#1**+10 **

y=2x^2 + 3 subtract 3 from both sides

y - 3 = 2x^2 divide both sides by 2

[y - 3] / 2 = x^2 take the square root of both sides

±√[( y - 3 ) / 2 ] = x "swap" x and y

±√[( x - 3 ) / 2 ] = y for y, write f^{-1}(x) {signifying the inverse}

f^{-1}(x) = ±√[( x - 3 ) / 2 ]

Because the original function isn't "one-to-one," it only has an inverse if we restrict its domain.

If we restrict the domain of the original function to (-∞, 0), -√[( x - 3 ) / 2 ] is the inverse

If we restrict the domain of the original function to (0, ∞ ), √[( x - 3 ) / 2 ] is the inverse

Note that the points (0,3) and (3,0) are ambiguous......they could belong to either restricted function and its respective inverse.

Here's a graph......https://www.desmos.com/calculator/bnxeffgjt3

Both the resticted domain functions and their respective inverses are symmetric to the line y = x.......as we would expect.......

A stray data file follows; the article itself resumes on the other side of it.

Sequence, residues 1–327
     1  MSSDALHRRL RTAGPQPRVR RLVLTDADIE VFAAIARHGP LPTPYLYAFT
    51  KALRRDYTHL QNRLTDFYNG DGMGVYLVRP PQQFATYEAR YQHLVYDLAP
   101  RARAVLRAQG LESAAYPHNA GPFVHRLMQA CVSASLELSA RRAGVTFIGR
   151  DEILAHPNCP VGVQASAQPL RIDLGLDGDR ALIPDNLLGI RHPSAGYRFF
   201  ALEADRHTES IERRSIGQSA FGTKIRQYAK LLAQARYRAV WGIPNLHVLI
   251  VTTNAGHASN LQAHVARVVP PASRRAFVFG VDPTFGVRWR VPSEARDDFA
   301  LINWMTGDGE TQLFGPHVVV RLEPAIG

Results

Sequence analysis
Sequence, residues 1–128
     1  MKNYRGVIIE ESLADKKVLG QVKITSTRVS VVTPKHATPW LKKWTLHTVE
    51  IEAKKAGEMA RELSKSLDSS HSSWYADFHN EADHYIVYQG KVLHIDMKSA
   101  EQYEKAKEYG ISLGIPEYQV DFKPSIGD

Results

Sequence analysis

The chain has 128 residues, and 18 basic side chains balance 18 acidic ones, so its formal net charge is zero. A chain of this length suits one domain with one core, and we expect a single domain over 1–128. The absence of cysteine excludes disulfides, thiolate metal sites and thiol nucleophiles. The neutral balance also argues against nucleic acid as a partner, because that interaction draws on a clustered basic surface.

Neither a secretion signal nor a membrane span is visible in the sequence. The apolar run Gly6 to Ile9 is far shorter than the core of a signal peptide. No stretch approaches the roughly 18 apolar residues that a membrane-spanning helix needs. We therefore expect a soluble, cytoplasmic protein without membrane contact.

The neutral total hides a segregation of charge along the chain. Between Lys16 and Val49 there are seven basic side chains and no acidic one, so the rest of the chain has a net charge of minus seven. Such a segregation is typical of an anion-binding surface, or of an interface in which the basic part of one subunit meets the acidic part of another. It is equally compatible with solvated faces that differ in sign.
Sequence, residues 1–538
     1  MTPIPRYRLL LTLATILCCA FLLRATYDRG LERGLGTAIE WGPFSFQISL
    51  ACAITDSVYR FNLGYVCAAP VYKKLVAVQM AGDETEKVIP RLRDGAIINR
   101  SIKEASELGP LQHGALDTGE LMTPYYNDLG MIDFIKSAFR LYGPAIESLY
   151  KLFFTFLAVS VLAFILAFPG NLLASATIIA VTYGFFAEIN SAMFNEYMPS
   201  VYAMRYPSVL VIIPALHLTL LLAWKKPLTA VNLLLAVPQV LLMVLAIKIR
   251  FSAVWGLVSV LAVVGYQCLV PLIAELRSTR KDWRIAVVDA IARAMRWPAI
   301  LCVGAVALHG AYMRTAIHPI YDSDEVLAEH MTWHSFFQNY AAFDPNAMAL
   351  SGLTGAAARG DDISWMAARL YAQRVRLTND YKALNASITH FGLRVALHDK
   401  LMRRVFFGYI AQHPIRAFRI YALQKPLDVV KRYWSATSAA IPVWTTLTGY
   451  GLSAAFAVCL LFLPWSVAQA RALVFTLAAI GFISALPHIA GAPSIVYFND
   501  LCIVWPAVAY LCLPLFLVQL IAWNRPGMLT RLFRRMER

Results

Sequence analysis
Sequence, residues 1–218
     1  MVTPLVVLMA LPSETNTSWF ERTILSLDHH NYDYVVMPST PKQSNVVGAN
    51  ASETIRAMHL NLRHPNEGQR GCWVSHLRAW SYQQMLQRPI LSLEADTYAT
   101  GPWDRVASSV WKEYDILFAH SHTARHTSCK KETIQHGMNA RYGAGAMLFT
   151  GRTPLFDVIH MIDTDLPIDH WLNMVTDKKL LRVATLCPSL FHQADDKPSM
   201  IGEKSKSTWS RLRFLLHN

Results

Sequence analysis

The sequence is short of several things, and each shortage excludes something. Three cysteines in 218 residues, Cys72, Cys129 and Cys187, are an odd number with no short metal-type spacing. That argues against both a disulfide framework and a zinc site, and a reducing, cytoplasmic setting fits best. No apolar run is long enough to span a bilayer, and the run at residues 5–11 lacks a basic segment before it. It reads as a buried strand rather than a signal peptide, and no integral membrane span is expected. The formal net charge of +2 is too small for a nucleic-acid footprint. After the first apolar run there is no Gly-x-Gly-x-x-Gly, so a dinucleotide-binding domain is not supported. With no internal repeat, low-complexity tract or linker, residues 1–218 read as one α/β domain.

CPhill
May 16, 2015

#1**+10 **

Best Answer

y=2x^2 + 3 subtract 3 from both sides

y - 3 = 2x^2 divide both sides by 2

[y - 3] / 2 = x^2 take the square root of both sides

±√[( y - 3 ) / 2 ] = x "swap" x and y

±√[( x - 3 ) / 2 ] = y for y, write f^{-1}(x) {signifying the inverse}

f^{-1}(x) = ±√[( x - 3 ) / 2 ]

Because the original function isn't "one-to-one," it only has an inverse if we restrict its domain.

If we restrict the domain of the original function to (-∞, 0), -√[( x - 3 ) / 2 ] is the inverse

If we restrict the domain of the original function to (0, ∞ ), √[( x - 3 ) / 2 ] is the inverse

Note that the points (0,3) and (3,0) are ambiguous......they could belong to either restricted function and its respective inverse.

Here's a graph......https://www.desmos.com/calculator/bnxeffgjt3

Both the resticted domain functions and their respective inverses are symmetric to the line y = x.......as we would expect.......

CPhill
May 16, 2015